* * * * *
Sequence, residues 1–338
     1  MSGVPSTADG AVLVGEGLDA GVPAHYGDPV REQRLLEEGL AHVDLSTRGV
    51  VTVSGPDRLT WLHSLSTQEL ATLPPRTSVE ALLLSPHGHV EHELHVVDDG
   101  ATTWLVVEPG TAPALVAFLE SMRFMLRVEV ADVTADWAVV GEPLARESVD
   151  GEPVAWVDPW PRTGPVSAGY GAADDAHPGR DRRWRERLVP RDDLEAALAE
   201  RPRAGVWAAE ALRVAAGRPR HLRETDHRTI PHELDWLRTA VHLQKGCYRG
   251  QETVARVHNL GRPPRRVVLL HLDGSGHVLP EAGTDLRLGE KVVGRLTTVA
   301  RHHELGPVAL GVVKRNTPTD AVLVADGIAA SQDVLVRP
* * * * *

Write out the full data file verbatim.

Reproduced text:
Sequence, residues 1–338
     1  MSGVPSTADG AVLVGEGLDA GVPAHYGDPV REQRLLEEGL AHVDLSTRGV
    51  VTVSGPDRLT WLHSLSTQEL ATLPPRTSVE ALLLSPHGHV EHELHVVDDG
   101  ATTWLVVEPG TAPALVAFLE SMRFMLRVEV ADVTADWAVV GEPLARESVD
   151  GEPVAWVDPW PRTGPVSAGY GAADDAHPGR DRRWRERLVP RDDLEAALAE
   201  RPRAGVWAAE ALRVAAGRPR HLRETDHRTI PHELDWLRTA VHLQKGCYRG
   251  QETVARVHNL GRPPRRVVLL HLDGSGHVLP EAGTDLRLGE KVVGRLTTVA
   301  RHHELGPVAL GVVKRNTPTD AVLVADGIAA SQDVLVRP